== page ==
World 'watches and weeps' as Notre-Dame burns

AFP | An aerial view shows Notre-Dame cathedral in Paris as flames tear through the building on Monday, APril 15, 2019.

Religious leaders and heads of state and government from around the world voiced their shock and sorrow as flames ravaged the iconic Notre-Dame Cathedral in Paris Monday night.


As a fire swept across the top of the 12th-century cathedral in the heart of the French capital, statement and tweets came pouring in from across the globe while the international community united to express their sympathies over the loss of one of the world’s most historic monuments.

The Vatican said the fire as the "symbol of Christianity in France and in the world" had caused shock and sadness and that it was praying for the firefighters.

"We express our closeness with French Catholics and with the Parisian population. We pray for the firefighters and for all those who are trying their best to tackle this dramatic situation," said a Vatican spokesman.

Notre Dame 'belongs to the whole of humanity'

Notre-Dame "belongs to the whole of humanity. It has inspired writers, painters, philosophers and visitors who have come from all round the world", said EU Commission head Jean-Claude Juncker

"Horrified by the pictures coming from Paris with the fire engulfing Notre-Dame Cathedral -- a unique example of world heritage that has stood tall since the 14th century. My thoughts are with the people and government of France," said UN Secretary-General Antonio Guterres.

UK Prime Minister Theresa May said her thoughts "are with the people of France tonight" while German Chancellor Angela Merkel's spokesman Steffen Seibert said the images of the cathedral on fire were "painful".

"Notre-Dame is a symbol of France and of our European culture. Our thoughts are with our French friends," added Seibert.

US President Donald Trump, meanwhile, described the fire as "horrible" and suggested the emergency services used flying water tankers to put out the flames, an idea that was quickly dismissed by the authorities.

Former US president Barack Obama also expressed his sorrow to the people of France. In a Twitter post featuring a photograph of his family during a 2009 visit to the cathedral, Obama noted, "Notre Dame is one of the world's great treasures, and we're thinking of the people of France in your time of grief. It's in our nature to mourn when we see history lost -- but it's also in our nature to rebuild for tomorrow, as strong as we can."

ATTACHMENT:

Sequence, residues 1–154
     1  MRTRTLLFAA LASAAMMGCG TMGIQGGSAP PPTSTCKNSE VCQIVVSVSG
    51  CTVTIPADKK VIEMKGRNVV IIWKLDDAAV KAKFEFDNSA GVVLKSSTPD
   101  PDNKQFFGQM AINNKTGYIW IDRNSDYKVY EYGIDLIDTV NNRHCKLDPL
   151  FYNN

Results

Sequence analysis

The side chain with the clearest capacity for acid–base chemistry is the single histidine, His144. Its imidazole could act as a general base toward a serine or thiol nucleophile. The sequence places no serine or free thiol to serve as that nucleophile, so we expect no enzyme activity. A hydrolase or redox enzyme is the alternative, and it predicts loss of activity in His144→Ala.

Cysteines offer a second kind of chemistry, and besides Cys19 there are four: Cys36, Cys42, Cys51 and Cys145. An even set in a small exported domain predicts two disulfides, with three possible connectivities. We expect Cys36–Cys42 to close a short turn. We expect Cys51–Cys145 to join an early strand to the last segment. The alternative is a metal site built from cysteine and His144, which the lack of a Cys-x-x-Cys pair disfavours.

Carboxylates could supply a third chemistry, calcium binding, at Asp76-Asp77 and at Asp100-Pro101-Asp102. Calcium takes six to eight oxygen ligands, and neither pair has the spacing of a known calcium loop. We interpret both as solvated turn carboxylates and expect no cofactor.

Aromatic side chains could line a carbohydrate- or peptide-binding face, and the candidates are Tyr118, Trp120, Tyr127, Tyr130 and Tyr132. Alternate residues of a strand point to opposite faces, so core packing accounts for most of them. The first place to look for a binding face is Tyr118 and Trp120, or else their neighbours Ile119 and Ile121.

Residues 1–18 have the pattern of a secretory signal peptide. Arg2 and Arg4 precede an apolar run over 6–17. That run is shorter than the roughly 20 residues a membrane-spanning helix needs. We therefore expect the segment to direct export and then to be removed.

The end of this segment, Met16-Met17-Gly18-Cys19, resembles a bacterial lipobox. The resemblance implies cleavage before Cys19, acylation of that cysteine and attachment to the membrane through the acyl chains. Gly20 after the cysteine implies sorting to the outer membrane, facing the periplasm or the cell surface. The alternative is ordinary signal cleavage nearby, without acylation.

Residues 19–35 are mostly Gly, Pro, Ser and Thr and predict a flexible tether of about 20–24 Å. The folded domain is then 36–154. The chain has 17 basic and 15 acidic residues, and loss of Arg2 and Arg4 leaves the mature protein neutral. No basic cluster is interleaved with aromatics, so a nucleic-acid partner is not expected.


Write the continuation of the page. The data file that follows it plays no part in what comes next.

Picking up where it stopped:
Former first lady Michelle Obama said: "The majesty of Notre Dame -- the history, artistry, and spirituality -- took our breath away, lifting us to a higher understanding of who we are and who we can be. Being here in Paris tonight, my heart aches with the people of France. Yet I know that Notre Dame will soon awe us again."

‘Pain and sorrow’

In a message posted on Twitter, Iranian Foreign Minister Mohammad Javad Zarif said he was, "Saddened that Notre Dame -- that iconic monument dedicated to the worship of our one God & that brought all of us closer through Hugo's literary masterpiece -- is partially destroyed after standing through wars & revolution for 800 yrs. Our thoughts are w/ the French & all Catholics."


"The Arab Republic of Egypt affirms that it is following, with pain and sorrow, the Notre-Dame Cathedral catching fire, especially that this monument is of important cultural and historic significance for France and as part of the world's heritage," said an Egyptian foreign ministry statement.

‘Sacred place’

Many non-Catholic religious institutions and leaders also offered their prayers to the people of France and the firefighters battling the blaze.

Archbishop of Canterbury Justin Welby, head of the Anglican Church, said that "tonight we pray for the firefighters tackling the tragic Notre-Dame fire -- and for everyone in France and beyond who watches and weeps for this beautiful, sacred place where millions have met with Jesus Christ".

The World Jewish Congress also paid tribute to what its president Ronald S. Lauder said was "an inimitable icon, a symbol of the country's great culture and history".

"We pray that there are no injuries or loss of life in this tragedy, and that the destruction can be restored to allow this unparalleled structure to return to its position of symbolic majesty on the Parisian skyline," he said.

(FRANCE 24 with AFP)

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